With Tennessee Gas Pipeline Co. build done, Otis State Forest reopens
SANDISFIELD — It wasn't too long ago that stepping into the state forest here could land you in jail.
Not anymore. After six months of pipeline construction, Otis State Forest has reopened to the public.
State Department of Conservation and Recreation spokesman Troy Wall told The Eagle that the areas of state-owned land that were off-limits during Tennessee Gas Pipeline Co.'s natural gas spur build out are now open.
For six months, the area off Cold Spring Road was a maelstrom of pipeline construction and traffic, security guards, state police and anti-pipeline activists.
Now, Tennessee Gas' temporary headquarters, in a farmhouse on South Beech Plain Road, is empty. It is quiet here after a 3.8-mile section of a new, third transmission line in this corridor had consumed the town's attention for months — and even for the last four years, as the Kinder Morgan subsidiary began coming here to draw up its plans for a line the company said was needed to bolster Connecticut's gas supply.
The company has finished the Massachusetts section of its 13-mile, tri-state Connecticut Expansion Project. But for the removal of silt fencing and erosion control equipment, a bit more cleanup and a spring road overhaul, the project is done — the gas flows.
But from the beginning, the project flowed with controversy, mainly over the company expanding its existing pipeline corridor by cutting into the state forest.
There were objections on a number of grounds, and between May and November nearly 100 arrests were made in protests here, mostly for trespassing in the state forest.
This area of the state forest itself was the main area of contention. The land is part of a 900-acre purchase the state made in 2007 for $5.2 million — a deal sealed with the assistance of Mass Audubon. The state then placed the land under protection by Article 97 of the state Constitution, where it is managed by the DCR.
The remote area includes old an growth forest not far from the pipeline corridor, wetlands and Lower Spectacle Pond.
When the state purchased the land, two other transmission lines were already there: one installed in 1951, and the other in 1981.
But because the land is now protected, the state fought Tennessee Gas in court to keep the company from turning about 2 miles of it into a construction site.
While federal interstate commerce law overruled state law, the company did pay the state a settlement of $640,000 for the easement, and said it would provide another $560,000 in environmental mitigation and other work.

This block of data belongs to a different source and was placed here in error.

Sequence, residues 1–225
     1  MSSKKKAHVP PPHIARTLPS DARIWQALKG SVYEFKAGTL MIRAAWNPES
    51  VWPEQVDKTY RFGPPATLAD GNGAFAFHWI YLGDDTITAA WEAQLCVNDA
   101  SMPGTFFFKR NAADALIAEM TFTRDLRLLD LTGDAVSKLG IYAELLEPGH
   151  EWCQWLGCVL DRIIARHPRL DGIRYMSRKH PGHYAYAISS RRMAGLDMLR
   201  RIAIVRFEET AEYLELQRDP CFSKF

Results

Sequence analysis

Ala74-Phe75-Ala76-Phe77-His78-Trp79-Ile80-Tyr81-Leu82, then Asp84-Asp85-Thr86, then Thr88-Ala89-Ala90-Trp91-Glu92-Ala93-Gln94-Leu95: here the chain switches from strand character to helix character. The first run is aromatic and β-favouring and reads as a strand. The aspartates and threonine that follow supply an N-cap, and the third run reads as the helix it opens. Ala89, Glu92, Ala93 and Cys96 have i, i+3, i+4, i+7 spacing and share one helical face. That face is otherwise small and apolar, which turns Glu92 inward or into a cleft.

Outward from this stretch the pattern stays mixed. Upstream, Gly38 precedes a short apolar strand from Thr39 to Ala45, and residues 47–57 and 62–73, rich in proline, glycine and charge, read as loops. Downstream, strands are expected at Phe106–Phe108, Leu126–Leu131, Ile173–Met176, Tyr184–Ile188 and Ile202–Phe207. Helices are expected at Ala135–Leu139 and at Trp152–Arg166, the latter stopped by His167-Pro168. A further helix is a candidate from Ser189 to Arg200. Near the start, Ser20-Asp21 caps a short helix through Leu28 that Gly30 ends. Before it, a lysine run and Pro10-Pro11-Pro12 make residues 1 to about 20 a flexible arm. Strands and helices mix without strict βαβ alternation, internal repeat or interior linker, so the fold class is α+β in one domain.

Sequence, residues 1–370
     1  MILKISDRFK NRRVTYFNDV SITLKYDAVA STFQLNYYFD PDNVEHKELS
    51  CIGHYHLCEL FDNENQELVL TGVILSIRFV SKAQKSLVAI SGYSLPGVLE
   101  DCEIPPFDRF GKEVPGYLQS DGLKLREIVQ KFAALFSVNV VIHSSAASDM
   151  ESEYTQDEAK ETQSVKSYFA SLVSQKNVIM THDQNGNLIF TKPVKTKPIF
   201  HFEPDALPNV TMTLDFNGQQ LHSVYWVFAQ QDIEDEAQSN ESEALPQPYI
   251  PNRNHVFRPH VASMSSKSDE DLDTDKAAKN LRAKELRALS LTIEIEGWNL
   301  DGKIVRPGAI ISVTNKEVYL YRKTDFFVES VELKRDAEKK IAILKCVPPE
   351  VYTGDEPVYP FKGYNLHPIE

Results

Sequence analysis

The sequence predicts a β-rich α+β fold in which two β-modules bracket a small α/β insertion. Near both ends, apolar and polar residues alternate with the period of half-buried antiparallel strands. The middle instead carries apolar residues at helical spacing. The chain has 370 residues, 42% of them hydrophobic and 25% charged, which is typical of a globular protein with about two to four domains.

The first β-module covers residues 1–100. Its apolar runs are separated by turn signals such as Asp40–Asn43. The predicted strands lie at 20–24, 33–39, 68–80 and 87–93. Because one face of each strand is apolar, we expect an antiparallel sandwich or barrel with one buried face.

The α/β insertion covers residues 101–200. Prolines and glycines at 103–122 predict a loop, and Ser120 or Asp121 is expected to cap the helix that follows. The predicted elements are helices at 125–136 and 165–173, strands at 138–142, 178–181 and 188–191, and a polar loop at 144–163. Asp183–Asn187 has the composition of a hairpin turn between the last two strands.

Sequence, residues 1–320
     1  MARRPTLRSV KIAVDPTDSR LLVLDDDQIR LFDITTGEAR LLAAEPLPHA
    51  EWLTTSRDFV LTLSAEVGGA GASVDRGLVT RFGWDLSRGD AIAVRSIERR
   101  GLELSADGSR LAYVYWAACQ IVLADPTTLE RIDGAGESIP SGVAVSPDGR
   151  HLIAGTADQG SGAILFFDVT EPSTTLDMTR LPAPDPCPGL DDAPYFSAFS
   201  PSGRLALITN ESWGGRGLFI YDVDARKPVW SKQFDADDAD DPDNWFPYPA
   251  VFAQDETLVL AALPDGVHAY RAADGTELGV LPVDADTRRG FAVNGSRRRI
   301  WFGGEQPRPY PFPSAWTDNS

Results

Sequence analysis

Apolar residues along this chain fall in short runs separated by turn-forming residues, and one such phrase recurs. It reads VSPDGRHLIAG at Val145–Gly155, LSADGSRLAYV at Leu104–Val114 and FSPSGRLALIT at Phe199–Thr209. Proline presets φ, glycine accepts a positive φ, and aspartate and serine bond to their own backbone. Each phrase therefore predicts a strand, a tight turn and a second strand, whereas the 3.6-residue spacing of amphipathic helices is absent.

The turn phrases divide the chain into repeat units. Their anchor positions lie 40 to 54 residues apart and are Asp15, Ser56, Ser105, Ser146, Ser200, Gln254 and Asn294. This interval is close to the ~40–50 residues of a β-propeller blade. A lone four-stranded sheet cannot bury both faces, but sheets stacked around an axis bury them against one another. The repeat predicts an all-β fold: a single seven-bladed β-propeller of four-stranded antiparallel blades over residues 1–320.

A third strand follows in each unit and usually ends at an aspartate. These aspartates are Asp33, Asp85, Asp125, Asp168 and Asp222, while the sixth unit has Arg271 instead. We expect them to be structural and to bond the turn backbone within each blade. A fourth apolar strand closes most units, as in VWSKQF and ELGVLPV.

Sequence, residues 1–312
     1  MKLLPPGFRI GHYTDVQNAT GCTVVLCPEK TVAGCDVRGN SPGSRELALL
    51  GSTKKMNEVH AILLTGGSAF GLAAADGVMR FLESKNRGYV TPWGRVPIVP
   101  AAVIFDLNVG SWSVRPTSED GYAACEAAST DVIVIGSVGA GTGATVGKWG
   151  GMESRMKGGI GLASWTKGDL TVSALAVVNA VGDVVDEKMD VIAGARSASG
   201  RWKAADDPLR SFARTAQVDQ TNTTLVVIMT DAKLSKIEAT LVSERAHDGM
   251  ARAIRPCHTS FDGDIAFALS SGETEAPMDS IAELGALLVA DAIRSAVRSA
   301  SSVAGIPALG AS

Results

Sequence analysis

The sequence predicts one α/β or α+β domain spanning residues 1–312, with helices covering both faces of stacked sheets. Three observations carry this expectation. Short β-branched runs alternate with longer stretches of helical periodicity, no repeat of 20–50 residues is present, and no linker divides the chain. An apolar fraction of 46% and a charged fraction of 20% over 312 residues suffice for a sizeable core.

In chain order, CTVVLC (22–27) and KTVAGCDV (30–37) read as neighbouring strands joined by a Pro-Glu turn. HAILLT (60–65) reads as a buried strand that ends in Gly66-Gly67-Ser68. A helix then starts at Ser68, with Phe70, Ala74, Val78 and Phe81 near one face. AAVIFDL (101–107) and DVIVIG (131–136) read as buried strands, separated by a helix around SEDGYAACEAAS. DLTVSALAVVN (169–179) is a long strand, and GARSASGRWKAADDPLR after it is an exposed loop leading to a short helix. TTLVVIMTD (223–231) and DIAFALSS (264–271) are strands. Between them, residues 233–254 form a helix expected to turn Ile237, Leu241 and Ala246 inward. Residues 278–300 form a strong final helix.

Wall said that, after visiting the site several times before, during and after the pipeline build, DCR officials believe that, so far, Tennessee Gas' obligations have been met.
Still, the site will be reevaluated this spring, he added, to ensure grass seed and other plant life have survived the winter. Areas that require it will be reseeded. And rocks that had to be removed from the pipeline trench will be used by DCR, in some cases to create wildlife habitat.
But environmentalists have long worried about the area. They say the healing process will be long.
"I'm glad they're opening it early enough before vernal pool season, so we can get out there to take a look at the vernal pools," said Jane Winn, the executive director of Berkshire Environmental Action Network.
Winn said she plans to go out to area and check on habitats, wetlands and erosion control. She said the pipeline company's many environmental conditions involve continued monitoring and work.
Kathryn Eiseman, executive director of Massachusetts Pipeline Awareness Network, said restoration after pipeline installation "takes years."
She said the swaths of forest that had to be cleared will have to be monitored for invasive species as it begins regrowth.
She also said Tennessee Gas isn't going away — it has a pipeline right-of-way to maintain. It has to be mowed, for instance.
"They are a permanent presence in the state forest," she said of the company.
On a recent weekday morning, the fog slowly disappearing, the roads were deserted but for Ron Bernard out walking his two dogs on Cold Spring Road.
He said he feels this permanent presence in other ways — that the project not only scarred the land, but that the months of noise, hassles and some fear has hammered his spirit.
"I'll never be the same," Bernard said. "There's a sort of sadness, as if there had been a terrible natural event. We were invaded, traumatized. We took a significant psychological hit."
Heather Bellow can be reached at email@example.com or on Twitter at @BE_hbellow and 413-329-6871.
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